Why Does Frances McDormand Want To Be Invisible?
Frances McDormand, an actress we have always admired, was the subject of a recent New York Times essay. In it, she affirms her delight in being invisible.
"[W]hat you gain after menopause is the power of invisibility. You become sexually invisible to both me and women. You gain the power of not giving a [expletive.]"
"[I] have reveled in my invisibility for 10 years."
Well, that took us aback, because we are always complaining about invisibility. Like Ms. McDormand, we think a woman's invisibility is tied to sexuality. But unlike her, we perceive it not as a power but as a screen. A barrier that our culture created a long time ago, probably in the Pleistocene Era, when life expectancy was very short and the planet was very much in need of populating.
Humans have evolved in the millennia since then. We will now live til our nineties, and the planet is rather well populated. Once we women can share the delightful burden of bearing and rearing children, we will have the freedom to do what men have been doing all the while--rule the world. With them, of course. But we won't have that chance unless we are visible, and we fight for it.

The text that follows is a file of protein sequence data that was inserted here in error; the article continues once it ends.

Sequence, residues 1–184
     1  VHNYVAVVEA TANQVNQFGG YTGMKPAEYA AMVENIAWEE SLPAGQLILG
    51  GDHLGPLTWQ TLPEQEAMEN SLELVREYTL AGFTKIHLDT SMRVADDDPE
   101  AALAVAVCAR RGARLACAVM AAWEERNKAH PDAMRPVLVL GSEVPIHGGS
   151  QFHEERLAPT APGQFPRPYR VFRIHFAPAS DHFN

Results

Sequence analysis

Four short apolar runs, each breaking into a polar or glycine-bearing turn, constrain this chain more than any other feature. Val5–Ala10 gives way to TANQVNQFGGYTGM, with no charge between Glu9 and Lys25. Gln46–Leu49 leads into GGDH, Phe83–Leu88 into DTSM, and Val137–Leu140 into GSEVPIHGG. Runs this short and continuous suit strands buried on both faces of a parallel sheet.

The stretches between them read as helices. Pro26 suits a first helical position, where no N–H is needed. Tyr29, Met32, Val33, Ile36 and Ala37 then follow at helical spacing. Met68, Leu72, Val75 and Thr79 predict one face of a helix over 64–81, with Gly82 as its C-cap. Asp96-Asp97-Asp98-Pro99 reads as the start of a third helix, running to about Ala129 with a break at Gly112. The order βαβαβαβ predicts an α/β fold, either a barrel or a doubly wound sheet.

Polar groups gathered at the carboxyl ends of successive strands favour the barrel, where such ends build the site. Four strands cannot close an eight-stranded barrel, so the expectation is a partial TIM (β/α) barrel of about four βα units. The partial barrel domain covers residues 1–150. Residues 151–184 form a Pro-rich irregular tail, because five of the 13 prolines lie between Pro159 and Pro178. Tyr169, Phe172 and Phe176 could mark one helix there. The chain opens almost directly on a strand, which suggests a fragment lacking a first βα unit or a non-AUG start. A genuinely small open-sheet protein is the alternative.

Why does Ms. McDormand feel so differently? Maybe because she is so much more visible than we, and she is tired of paparazzi. Admittedly, we do not have that problem. We have to pay to get people to take pictures of us. Usually. But her issue could be addressed in ways less terminal than becoming invisible. And the nuisance of being visible is a small thing compared to exercising the full powers of a human being. A human being who does actually give an [expletive] about a lot of things, and could, with others, use those powers to do something about what matters.
So we remain of the view that being invisible is, pretty much for all post-menopausal women, a negative that is imposed on us rather than assumed by us. We want visibility. Now.